Some guiding questions to ask when your student is still in high school.
1. What careers interest your child?
2. What are your expectations for your child's future career choices?
3. How do they feel about school?
4. What supports have been given to get your child through high school and will these continue?
5. What concerns do you have that may impact your child's success in College?
Since a masters degree is the new undergraduate degree, there are some additional considerations that must be made as you support your child's 4-6 year higher learning track.
1. Do you plan to pay for college or whatever higher education is necessary to support your child's career ambitions?
2. How does your child's personality, values, and skills match his/her long term goals for employment, income and standard of living?
3. What is the chance that college will not work out and your investment in their higher learning is wasted?
Manage the risk of your college investment
If you look at college as an investment then you should also manage the risk of that investment.
1. Start taking college courses before high school ends. Don't wait to see how your child will handle the independence, course work, and other factors that can impact a successful investment. Senior year can be a wasted year for many high school student. It is seen as a time to sit back and wait to receive college acceptances or rejections.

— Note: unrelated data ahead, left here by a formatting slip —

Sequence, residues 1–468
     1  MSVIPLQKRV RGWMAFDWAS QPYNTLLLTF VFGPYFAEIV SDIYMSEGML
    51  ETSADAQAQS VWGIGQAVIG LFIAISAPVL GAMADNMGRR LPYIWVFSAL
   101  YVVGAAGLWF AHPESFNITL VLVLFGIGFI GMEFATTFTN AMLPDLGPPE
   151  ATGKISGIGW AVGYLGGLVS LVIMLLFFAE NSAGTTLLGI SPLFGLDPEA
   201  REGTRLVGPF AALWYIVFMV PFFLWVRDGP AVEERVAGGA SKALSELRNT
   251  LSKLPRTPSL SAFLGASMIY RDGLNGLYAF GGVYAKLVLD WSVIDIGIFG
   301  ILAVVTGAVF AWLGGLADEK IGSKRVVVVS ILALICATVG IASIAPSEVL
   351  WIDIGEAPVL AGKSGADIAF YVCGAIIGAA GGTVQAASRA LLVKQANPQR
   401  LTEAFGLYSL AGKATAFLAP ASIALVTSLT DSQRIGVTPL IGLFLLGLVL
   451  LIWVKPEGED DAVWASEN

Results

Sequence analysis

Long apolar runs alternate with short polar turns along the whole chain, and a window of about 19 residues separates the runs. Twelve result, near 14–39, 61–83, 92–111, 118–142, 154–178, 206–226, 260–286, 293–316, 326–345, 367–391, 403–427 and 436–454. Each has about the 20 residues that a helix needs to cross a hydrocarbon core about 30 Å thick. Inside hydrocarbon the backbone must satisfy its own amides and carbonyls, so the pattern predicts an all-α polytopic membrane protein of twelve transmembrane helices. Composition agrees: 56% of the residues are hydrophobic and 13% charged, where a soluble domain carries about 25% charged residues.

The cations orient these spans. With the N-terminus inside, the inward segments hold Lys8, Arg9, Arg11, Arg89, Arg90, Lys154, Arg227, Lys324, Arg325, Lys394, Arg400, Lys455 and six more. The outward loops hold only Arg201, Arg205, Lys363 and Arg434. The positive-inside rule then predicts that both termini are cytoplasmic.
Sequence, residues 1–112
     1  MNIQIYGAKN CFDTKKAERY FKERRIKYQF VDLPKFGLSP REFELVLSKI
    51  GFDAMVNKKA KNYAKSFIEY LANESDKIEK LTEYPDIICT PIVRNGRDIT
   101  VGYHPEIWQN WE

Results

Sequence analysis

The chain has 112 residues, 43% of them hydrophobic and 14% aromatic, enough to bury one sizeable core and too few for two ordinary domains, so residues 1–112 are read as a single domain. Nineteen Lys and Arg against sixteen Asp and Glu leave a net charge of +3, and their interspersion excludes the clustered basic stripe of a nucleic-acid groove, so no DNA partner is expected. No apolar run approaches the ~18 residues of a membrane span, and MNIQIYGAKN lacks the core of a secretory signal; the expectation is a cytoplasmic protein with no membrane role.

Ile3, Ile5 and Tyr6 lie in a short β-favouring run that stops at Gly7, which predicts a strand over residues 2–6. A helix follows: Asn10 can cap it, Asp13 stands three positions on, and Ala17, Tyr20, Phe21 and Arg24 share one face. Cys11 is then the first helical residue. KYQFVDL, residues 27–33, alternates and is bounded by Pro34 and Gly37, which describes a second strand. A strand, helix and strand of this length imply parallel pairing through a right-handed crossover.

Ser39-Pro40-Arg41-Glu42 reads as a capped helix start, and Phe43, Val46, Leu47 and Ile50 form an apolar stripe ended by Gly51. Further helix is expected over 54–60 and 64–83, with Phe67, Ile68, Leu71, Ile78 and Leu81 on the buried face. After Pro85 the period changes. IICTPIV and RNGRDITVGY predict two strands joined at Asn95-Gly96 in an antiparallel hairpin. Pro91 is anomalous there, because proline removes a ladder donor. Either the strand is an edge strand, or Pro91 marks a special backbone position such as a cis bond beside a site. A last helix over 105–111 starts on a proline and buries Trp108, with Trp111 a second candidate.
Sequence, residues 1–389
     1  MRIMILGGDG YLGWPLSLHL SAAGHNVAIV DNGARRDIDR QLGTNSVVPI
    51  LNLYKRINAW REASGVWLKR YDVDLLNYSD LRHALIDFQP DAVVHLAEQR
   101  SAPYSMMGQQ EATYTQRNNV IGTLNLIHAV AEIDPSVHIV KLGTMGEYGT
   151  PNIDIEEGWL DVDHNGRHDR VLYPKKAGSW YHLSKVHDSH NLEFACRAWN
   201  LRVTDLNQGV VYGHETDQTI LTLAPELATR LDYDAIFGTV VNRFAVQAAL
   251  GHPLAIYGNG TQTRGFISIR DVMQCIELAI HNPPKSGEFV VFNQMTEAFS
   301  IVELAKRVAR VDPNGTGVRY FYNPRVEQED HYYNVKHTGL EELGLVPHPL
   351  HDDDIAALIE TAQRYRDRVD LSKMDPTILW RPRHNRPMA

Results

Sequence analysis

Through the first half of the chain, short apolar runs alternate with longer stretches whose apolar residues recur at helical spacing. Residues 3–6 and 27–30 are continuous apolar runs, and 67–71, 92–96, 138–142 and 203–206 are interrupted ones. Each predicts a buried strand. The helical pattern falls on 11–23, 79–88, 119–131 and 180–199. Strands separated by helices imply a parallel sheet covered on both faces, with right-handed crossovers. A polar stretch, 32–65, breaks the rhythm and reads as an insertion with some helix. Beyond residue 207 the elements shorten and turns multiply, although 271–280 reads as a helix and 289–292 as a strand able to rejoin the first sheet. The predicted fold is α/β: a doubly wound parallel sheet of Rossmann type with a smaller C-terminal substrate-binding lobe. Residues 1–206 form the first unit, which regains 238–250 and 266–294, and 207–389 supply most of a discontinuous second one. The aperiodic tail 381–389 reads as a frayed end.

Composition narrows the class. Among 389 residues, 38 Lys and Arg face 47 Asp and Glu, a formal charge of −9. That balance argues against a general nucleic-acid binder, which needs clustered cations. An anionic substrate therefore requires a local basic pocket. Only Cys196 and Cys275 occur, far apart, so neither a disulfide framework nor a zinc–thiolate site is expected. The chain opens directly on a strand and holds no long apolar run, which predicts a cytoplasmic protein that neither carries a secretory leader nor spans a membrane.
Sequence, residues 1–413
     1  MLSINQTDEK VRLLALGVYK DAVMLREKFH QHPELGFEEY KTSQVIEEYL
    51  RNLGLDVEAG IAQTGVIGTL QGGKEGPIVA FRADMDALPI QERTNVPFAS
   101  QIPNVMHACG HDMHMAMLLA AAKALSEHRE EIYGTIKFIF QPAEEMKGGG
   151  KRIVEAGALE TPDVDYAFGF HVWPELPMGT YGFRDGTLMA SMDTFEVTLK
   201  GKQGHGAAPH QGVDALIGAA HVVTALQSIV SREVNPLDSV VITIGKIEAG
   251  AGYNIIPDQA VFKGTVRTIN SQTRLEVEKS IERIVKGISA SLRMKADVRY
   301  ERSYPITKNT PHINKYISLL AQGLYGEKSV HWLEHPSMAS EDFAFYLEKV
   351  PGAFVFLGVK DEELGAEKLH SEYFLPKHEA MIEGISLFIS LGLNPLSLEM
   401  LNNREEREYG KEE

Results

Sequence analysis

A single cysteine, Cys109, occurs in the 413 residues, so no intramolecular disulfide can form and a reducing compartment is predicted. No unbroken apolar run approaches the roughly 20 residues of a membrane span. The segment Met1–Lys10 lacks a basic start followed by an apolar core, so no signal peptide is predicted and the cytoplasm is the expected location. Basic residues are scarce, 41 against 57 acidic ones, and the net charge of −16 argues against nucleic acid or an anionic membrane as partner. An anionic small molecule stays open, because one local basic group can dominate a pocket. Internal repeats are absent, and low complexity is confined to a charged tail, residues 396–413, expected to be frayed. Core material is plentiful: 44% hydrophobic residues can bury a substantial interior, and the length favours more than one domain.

2. Have a clear investment plan. Every college credit has a cost associated with it. Investigate all the credit options per career and then decide what makes the most sense. Don't be a fool and just throw your money into the college market without weighing the cost/credit options in relation to the career path. Furthermore, since most degrees require a masters (or two), there is a need to consider the long term financial investments in supporting your child's career plan.
3. Get your child involved as early as possible. If you are investing in their future then they should be accountable for the return on your investment. Many children go to college blind of the cost and parental commitments involved in such an experience. Given the overwhelming costs associated with such an investment, your young adult must be involved.